Caught head-on and from the side (see after the jump), we get a good look at what appears to be a final, or near final, headlight assembly, and true to BMW form, it is winking at us. From the side, we can see that the naked bike retains many of the S1000RR’s components, including its exhaust design. Of course, the real question will be what’s inside the cylinder casings.

WSBK: Chaz Davies Hits the Wind Tunnel Ahead of Monza

05/09/2013 @ 4:25 pm, by Jensen Beeler2 COMMENTS

WSBK: Chaz Davies Hits the Wind Tunnel Ahead of Monza Chaz Davies BMW S1000RR Wind Tunnel WSBK 03

BMW Motorrad Goldbet SBK’s Chaz Davies had some homework ahead of this weekend’s World Superbike round in Monza, as the Welshman spent time in BMW’s high-speed wind tunnel to work on his aerodynamics with the BMW S1000RR. With Monza being one of the fastest courses on the WSBK calendar, a rider’s ability to have the optimal body position down the the track’s long sections, where speeds can easily exceed 200 mph, is a crucial element to race-day success.

“It was a really interesting afternoon”, said Davies. “When testing on a track, you try new development parts and different settings but you are not working on your body. So it was great to experience in a stable environment with my riding position, to move myself around on the bike, to have elbows and shoulders in different positions and to then see in the data what difference it makes.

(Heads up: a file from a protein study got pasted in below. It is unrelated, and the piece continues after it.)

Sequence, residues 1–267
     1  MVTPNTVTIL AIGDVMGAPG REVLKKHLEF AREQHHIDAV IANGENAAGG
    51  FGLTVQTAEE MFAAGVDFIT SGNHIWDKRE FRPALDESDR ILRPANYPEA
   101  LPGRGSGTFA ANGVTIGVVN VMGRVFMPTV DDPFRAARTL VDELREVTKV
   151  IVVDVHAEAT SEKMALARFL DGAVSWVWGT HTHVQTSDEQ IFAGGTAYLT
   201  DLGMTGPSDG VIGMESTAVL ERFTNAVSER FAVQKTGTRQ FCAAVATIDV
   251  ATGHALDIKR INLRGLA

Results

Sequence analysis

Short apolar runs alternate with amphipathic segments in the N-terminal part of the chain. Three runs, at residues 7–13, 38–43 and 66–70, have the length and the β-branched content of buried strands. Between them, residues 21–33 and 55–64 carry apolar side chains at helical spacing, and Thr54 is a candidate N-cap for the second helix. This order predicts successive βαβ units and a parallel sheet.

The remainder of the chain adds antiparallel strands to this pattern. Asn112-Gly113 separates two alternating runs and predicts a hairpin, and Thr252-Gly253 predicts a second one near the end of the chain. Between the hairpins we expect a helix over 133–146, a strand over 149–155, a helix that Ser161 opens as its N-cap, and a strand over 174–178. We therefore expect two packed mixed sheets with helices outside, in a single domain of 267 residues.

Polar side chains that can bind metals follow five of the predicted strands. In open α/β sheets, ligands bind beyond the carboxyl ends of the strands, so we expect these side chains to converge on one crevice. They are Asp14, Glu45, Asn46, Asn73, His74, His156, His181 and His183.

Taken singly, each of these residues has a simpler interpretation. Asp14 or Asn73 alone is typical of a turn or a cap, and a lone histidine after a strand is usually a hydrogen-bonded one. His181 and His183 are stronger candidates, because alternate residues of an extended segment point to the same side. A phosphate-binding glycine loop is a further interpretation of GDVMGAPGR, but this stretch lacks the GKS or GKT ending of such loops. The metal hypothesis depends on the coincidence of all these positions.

XXX: BMW Motorrad GoldBet WSBK-Spec S1000RR

02/05/2013 @ 1:59 pm, by Jensen Beeler4 COMMENTS

XXX: BMW Motorrad GoldBet WSBK Spec S1000RR 2013 BMW S1000RR Goldbet WSBK Team 02 635x423

Lately, there has been a lot of talk about the upcoming changes that will “dumb down” World Superbike racing. With Dorna pushing an agenda that brings the premier production-bike class into something that races bikes that are actually similar to the bikes on the showroom floor, there is a vocal portion of fans and enthusiasts that will hate to see the current spec of machinery go away.